THE TRUTH BEHIND THAT $150 MILLION DANIEL CRAIG BOND RUMOR
Over Labor Day weekend, the news rippled across movie Twitter with the force of a Blofeld dirty bomb: Daniel Craig had allegedly been offered $150 million to reprise his role as James Bond in two back-to-back installments of the blockbuster spy serial.
According to the initial report by Radar, the films’ co-distributor Sony is “desperate” to retain the British actor’s services, and “the idea of losing him at such a crucial time in the franchise isn’t an option as far as studio honchos are concerned.”
Implicitly, within this scenario, Craig’s potential nine-figure payday is understood as surge pricing by a recalcitrant star—one who famously remarked in 2015 that he would “rather break this glass and slash my wrists” than utter the words, “Bond, James Bond” onscreen again.
But while the idea of Craig silencing his inner Dr. No to accept one of the most enormous actorly cash-grabs in Hollywood history has already seized the public imagination, sources with knowledge of the franchise’s casting decisions, who spoke on background, tell Vanity Fair the $150 million offer is as fictional as Francisco Scaramanga’s third nipple.
Craig, 48, has been offered no such deal, sources say, and negotiations to pin down who will portray 007 in upcoming Bond installments are still ongoing. (Sony and MGM, the secret agent franchise’s co-distributor, declined comment.)
In other words, British bookmakers handicapping the odds for James Norton, Idris Elba, Jamie Bell, Poldark star Aidan Turner, Damian Lewis, Pride and Prejudice and Zombies’ Jack Huston, Luke Evans, Henry Cavill, Tom Hardy, and (yes!) Gillian Anderson as the next 007 need not close the betting on Craig’s competition anytime soon.
Problem A with RadarOnline’s Sept. 3 story: the decision to pay Craig such an astronomical fee would not unilaterally fall to Sony—which spearheaded the wide-release roll-out of the last four Double-0 films—even if the studio re-ups its distribution rights for the franchise, which expired with the release of Spectre.
And that’s a big if at a moment when other major studios—Disney, Paramount, Universal, and Warner Bros. among them—have been stalking the rights to the Bond franchise even before they reach the auction block.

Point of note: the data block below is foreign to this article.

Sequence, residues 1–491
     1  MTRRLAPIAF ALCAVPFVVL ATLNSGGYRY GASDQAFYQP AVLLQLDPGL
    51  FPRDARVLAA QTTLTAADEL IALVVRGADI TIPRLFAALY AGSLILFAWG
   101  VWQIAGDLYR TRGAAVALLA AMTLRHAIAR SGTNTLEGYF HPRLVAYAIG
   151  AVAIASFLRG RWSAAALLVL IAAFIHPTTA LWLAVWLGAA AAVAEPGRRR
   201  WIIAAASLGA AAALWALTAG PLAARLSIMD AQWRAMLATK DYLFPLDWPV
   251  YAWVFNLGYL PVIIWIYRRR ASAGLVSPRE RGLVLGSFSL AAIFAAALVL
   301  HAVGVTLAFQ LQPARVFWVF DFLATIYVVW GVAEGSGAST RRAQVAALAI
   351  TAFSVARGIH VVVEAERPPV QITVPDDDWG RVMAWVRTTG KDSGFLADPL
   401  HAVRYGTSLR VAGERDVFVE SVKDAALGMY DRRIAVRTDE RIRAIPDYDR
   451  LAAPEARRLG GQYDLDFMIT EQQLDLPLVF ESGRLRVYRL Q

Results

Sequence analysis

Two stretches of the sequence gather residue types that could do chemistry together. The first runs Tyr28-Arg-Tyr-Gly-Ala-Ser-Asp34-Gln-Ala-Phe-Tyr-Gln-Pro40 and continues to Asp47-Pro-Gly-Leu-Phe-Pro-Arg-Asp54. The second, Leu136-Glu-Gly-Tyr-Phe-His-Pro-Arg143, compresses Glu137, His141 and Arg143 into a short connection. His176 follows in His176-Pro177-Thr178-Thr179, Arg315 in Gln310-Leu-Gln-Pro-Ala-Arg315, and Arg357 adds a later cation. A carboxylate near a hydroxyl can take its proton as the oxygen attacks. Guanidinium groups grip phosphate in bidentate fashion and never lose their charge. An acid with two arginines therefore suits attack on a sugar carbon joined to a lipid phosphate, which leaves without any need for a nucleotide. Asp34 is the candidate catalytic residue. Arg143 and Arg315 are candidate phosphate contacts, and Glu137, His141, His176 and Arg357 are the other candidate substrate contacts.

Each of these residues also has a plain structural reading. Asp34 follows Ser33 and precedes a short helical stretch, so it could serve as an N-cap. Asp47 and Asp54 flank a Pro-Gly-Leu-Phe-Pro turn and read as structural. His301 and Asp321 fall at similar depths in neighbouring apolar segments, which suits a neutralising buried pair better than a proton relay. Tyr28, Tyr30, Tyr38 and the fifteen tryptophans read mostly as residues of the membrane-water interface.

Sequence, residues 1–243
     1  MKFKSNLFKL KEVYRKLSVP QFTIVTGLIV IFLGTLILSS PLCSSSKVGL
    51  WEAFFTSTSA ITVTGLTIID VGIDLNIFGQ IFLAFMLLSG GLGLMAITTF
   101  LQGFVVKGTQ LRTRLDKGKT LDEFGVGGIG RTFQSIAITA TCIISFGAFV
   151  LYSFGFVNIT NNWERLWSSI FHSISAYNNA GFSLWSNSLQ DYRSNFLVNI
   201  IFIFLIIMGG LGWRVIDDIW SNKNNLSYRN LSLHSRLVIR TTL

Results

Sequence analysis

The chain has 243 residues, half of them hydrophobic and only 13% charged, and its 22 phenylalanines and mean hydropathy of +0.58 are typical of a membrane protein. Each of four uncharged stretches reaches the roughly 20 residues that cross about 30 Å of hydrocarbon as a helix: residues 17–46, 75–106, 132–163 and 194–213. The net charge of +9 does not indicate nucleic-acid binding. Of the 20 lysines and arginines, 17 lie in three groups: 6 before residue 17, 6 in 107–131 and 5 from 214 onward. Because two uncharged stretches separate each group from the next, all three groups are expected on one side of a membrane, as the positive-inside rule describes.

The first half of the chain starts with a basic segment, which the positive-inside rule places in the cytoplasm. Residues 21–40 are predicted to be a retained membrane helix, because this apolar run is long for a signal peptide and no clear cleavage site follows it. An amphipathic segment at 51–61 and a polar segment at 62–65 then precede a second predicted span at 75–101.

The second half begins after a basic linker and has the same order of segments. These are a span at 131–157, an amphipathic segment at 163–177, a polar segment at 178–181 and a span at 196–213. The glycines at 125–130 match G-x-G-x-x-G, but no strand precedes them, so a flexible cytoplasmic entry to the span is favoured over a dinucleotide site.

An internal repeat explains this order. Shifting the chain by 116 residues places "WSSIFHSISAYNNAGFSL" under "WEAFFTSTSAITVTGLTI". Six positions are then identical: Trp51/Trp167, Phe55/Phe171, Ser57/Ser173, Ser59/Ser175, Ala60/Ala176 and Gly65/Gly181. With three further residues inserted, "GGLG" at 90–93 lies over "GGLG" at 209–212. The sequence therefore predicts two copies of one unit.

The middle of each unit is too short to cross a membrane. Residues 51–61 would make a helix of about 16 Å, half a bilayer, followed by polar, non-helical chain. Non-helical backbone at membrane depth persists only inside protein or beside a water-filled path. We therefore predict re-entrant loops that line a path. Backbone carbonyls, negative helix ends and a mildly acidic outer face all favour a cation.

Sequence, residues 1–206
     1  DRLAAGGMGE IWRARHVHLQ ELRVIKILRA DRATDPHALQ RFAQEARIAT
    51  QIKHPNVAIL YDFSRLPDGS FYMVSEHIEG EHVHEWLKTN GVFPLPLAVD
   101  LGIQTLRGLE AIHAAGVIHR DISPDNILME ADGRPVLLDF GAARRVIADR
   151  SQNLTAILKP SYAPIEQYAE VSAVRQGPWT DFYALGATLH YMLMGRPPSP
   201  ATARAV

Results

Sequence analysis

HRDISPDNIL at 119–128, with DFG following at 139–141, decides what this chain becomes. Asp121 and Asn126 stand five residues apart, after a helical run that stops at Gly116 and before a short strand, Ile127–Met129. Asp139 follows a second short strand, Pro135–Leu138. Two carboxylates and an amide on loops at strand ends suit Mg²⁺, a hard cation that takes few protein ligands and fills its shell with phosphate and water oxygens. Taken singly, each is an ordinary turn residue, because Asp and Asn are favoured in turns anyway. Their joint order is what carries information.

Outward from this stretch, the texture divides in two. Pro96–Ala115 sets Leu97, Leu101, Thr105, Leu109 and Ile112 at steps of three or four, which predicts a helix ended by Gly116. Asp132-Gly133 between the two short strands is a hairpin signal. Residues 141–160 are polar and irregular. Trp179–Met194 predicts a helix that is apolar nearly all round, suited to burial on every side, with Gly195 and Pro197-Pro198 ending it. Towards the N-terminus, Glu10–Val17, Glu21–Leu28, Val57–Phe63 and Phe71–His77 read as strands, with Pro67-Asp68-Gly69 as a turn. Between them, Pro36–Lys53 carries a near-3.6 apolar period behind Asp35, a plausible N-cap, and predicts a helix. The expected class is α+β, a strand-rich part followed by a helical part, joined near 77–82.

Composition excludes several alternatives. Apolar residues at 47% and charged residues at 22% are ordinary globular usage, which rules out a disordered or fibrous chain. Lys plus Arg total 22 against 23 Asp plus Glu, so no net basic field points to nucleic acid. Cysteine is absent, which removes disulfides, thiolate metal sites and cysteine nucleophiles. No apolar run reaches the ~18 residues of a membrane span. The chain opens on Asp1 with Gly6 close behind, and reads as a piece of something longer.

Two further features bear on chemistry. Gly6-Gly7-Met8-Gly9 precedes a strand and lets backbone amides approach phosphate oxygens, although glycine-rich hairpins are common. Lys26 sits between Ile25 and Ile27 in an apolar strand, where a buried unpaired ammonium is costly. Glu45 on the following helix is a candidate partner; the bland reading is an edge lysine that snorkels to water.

The final decision about who inhabits the tuxedo of Her Majesty’s favorite secret servant ultimately falls to two entities: Eon Productions, the Bond licensing company established by Albert “Cubby” Broccoli and Henry Saltzman—which has produced every official installment since 1962—and MGM, the series’ distribution home for half a century. (Eon did not respond to a request for comment from Vanity Fair.)
Which leads us to Problem B: Craig’s “slash my wrists” comment didn’t exactly endear him to MGM’s chief executive and chairman Gary Barber who, Vanity Fair has learned, personally contacted the actor last year to express his frustration in no uncertain terms. (An email to Craig's publicist was not immediately returned.)
“Gary hit the ceiling when he read the story,” says a source with knowledge of the situation, who declined to be identified because the person was not authorized to speak publicly about the matter. “He called up Daniel to yell at him. He was furious.”
Since appearing in 2006’s Casino Royale, Quantum of Solace, the $1.1 billion-grossing Skyfall, and last year’s Spectre, Craig has only completed four of his contractually obliged five films to date. But the source added that it would be simple enough for Craig to break his contract if the studios felt his antipathy continuing as 007 presented an insurmountable hive of negative buzz.
Problem C: in the same Time Out London Q&A that put the actor’s license to kill in doubt, Craig essentially stifled any possibility of shooting two consecutive films, as Radar reported he would. In recent years, principle photography on a single Bond blockbuster has stretched beyond six months—and on Spectre, the actor famously tore his meniscus filming a knock-down-drag-out fight sequence.
“[At the studio there was a real keenness to get it done as soon as possible,” Craig said last fall.
“In fact, there was a conversation at one point that went: ‘Let’s film two movies back to back.’ I just went: ‘You’re out of your fucking minds.’ In the nicest possible way. They’re just too big.”
Meanwhile, conjecture continues to swirl around the “surprise” next moves of Eon’s franchise doyenne, producer Barbara Broccoli. She and she alone, as Skyfall and Spectre director Sam Mendes attested earlier this year, “chooses who’s going to be the next Bond: end of story.”
According to a Mirror UK report last month, Broccoli became “impressed” with classically trained Method actor Tom Hughes who plays an MI5 operative in the BBC thriller Cold War thriller The Game and he is now “tipped” to portray Bond.
As for Tom Hiddleston as the odds-on favorite to replace Craig? Forget it says Frederick Forsyth, author of the 1971 bestseller The Day of the Jackal. In a recent interview with The Mail on Sunday, he cited an anonymous source who told him the producer had cooled on the Night Manager star. “I understand Barbara Broccoli is no way gong to pick Hiddleston,” Forsyth said. “No way.”